Pain is a defense mechanism that alerts people to an upcoming danger or injury, thus alerting them to guard their bodies and not harm themselves any further.

Pain arises in all intensities, shapes and sizes. The most common type of pain is nociceptive pain, typically results from a physical injury. When you experience a cut on your finger, stub your toe or burn yourself, the nociceptive pain receptors gets activated. Another major classification is neuropathic pain which is produced by damage to any part of the nervous system.

Besides these, other forms of pain consist of breakthrough pain (transitory burst of pain in the setting of chronic pain), psychosomatic pain (complaint associated with psychological factors), incident pain, and pain insensitivity (unexpected alleviation or covering of pain).

How does pain work?

Different sensory nerve fibres are present in our body that may react to different physical stimuli, for example, a pin-prick, person's touch or running water. Our nerve fibres produce different chemical responses depending on the amount of the physical contact that in turn affect how the pain feelings are interpreted.

Once injured, the nociceptive pain receptors send pain signals into the spinal cord through the nerves, where the impulses ultimately make their way to the nervous system or brain. This all occurs within a fraction of seconds; these signals transfer through our bodies at a very fast rate.

Once the pain impulse reaches the brain, it travels straightaway to the thalamus (part of the brain involved in sensory perception), which consecutively communicates it to the other areas for current neurological and interpretation you are aware of. For instance, the cortex (the outermost or superficial part of the brain) is responsible for assuming the origin of pain and how it matches with the other kinds of pain. The thalamus, other than acting as a messenger, also aids an emotional reaction, resulting in frustration or anger.

Surprising and Tremendous Pain Solutions:

Generic Tramadol hydrochloride is an effective painkiller used to treat moderate to severe type of pain. It comes under various brand names such as Tramacip, Tramadol, Ultram, and Tramjet.

Mechanism of action:

Tramadol reduces the brain's sensitivity and response to pain signals. It also decreases the size or intensity of the pain impulse transmitted from one nerve to another.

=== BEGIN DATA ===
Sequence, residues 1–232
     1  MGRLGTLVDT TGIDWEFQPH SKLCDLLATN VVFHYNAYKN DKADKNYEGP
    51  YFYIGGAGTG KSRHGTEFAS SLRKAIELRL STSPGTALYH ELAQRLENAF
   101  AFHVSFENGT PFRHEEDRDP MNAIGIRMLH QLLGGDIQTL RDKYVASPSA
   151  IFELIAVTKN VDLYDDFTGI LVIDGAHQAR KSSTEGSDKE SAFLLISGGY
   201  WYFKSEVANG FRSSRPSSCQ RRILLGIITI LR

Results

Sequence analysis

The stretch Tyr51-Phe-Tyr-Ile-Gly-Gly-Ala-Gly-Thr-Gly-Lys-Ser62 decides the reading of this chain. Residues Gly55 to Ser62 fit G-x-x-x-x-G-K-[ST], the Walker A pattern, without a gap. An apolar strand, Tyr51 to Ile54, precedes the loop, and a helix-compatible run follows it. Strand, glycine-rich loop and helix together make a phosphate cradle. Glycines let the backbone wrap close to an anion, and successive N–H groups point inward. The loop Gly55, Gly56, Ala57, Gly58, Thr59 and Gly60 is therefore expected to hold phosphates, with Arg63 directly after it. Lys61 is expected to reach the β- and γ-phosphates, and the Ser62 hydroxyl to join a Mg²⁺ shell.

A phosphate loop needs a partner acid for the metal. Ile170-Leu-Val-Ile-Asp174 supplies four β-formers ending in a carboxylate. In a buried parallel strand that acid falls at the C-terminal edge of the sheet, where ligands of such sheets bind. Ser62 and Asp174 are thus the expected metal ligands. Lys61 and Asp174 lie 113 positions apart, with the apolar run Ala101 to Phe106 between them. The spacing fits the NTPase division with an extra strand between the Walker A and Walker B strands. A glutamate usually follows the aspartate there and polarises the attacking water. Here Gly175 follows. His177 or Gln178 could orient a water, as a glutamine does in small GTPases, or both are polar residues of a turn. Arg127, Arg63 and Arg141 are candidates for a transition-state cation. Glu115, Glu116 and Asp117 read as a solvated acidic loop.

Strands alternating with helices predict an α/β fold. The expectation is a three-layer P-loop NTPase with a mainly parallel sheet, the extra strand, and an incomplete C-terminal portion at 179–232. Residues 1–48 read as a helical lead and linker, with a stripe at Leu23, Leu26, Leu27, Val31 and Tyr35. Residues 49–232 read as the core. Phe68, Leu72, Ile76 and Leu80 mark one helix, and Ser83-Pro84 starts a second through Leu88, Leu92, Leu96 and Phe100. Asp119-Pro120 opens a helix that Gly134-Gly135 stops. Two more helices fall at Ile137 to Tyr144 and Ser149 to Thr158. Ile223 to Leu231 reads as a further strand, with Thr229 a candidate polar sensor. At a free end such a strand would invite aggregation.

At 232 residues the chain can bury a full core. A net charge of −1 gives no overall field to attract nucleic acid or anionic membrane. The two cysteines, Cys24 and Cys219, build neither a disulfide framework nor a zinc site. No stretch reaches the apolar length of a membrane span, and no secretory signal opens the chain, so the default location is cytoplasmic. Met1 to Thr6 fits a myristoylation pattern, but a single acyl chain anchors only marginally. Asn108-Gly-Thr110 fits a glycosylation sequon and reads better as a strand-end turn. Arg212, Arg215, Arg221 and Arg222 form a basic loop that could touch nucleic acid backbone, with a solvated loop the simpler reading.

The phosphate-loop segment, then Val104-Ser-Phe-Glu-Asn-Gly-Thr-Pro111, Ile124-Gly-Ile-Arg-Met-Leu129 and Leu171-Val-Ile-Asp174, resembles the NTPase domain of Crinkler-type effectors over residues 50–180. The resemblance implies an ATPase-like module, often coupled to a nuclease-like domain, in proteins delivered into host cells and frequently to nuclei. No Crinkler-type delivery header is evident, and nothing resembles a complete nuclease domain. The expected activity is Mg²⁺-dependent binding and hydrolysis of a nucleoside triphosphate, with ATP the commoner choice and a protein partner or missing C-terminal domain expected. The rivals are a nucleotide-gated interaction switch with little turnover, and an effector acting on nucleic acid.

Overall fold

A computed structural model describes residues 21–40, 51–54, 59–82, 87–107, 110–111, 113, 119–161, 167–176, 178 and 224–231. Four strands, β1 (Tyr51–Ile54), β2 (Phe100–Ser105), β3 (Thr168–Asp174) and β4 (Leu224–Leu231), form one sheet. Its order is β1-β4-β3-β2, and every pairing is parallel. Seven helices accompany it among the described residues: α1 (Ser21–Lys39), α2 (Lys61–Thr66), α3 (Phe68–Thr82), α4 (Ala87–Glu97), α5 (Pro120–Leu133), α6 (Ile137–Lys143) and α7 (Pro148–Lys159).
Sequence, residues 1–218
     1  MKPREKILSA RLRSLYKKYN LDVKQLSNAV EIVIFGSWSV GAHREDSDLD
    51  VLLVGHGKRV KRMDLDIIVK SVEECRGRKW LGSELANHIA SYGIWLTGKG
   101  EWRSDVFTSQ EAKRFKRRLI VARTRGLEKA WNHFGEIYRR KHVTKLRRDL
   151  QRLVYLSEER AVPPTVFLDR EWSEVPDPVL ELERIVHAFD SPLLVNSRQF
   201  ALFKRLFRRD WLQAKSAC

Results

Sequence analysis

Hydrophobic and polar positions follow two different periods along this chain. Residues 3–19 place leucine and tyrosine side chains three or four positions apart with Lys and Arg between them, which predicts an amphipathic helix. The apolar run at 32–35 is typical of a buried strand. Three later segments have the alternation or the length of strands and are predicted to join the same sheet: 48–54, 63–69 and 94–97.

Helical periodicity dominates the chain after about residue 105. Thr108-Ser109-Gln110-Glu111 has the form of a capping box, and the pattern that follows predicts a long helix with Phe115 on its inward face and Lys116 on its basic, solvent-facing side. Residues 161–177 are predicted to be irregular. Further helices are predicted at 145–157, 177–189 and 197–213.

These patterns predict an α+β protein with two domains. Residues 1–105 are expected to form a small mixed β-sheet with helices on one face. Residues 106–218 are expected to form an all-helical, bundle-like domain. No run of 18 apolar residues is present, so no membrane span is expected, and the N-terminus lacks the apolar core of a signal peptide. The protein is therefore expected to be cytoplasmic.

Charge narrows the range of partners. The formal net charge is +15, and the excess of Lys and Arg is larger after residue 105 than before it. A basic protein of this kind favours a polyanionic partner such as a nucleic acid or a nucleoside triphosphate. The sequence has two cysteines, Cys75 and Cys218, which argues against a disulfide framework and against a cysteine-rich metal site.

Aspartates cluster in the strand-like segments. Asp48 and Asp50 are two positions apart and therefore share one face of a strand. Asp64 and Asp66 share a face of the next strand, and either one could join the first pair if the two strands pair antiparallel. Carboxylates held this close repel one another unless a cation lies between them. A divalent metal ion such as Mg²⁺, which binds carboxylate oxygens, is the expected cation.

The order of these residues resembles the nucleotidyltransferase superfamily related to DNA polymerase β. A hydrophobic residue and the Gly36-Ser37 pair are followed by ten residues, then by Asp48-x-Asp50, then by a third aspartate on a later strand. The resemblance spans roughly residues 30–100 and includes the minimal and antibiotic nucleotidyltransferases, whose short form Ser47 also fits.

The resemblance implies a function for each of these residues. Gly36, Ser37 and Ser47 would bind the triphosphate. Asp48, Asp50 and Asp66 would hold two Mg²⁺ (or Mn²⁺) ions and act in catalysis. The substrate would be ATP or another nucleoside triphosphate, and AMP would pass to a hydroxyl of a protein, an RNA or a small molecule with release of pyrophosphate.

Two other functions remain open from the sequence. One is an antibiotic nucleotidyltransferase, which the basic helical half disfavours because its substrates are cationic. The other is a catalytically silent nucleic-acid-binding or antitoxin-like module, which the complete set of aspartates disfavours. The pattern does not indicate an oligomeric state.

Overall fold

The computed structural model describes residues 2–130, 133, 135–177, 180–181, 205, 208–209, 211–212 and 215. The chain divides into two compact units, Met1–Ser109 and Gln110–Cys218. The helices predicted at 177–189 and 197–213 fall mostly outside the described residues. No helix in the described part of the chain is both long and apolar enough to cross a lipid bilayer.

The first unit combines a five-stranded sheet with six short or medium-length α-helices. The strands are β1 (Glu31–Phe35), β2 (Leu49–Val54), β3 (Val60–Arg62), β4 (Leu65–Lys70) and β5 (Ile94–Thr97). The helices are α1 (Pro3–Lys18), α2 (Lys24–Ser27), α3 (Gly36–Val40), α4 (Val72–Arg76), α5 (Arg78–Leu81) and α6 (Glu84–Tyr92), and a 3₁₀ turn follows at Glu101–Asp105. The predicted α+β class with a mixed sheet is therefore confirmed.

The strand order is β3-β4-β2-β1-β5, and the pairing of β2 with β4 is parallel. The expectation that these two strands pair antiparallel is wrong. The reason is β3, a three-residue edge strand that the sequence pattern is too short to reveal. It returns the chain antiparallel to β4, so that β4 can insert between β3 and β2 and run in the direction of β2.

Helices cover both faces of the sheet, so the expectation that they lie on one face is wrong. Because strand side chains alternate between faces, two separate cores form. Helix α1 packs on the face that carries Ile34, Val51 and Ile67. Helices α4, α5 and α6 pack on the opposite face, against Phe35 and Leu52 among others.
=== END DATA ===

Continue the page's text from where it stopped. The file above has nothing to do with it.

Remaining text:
Prescribed intake of Tramjet:

Tramjet is an orally administered drug available in the form of a tablet. It is typically taken every 4 to 6 hours as desirable. It is not necessary to have meals before taking this drug; you may also take it in empty stomach. Tramadol is a habit-forming drug, therefore should be taken exactly as directed. Do not take a larger dose or for a longer duration unless required.

Possible side effects

Contact your physician if any of these signs and symptoms get severe or do not go away: drowsiness, dizziness, blurred vision, headache, diarrhoea, and vomiting, upset stomach. The more severe side effects of this drug may include numbness or tingling of the hands and feet, fast heartbeat, seizures, redness, difficulty breathing, swelling, and itching of the face and changes in urination.


  • Do not give this drug to children below 16 years of age.
  • Avoid getting engaged in any kind of activity that demands attention like driving or performing heavy machinery work after taking this drug.
  • Do not take other opioid analgesics such as tranquillizers or hypnotics along with Tramadol or Ultram.
  • Stopping taking this medicine suddenly may result in serious withdrawal symptoms such as headache, nervousness, loose stools, shaking, nausea, sweating, agitation, shivering, or difficulty in sleeping, thus it is advisable not to discontinue this medicine without the consultation of your physician.
  • Avoid the intake of excessive alcohol along with Tramadol or Tramjet. If you are an alcohol addict, do not take this drug.
  • In case you are allergic to Generic Tramadol or hypersensitive to any other ingredients of Tramjet or Tramacip, then avoid taking these drugs.
  • Pregnant and breastfeeding women must not strictly use this drug as this drug may cause serious signs and symptoms in the foetus.
  • Tramadol causes drug dependency or addiction, even at fixed doses. Thus, it is advisable to take it precisely as allowed by your physician. The dose of this drug should not be altered as per your necessity.

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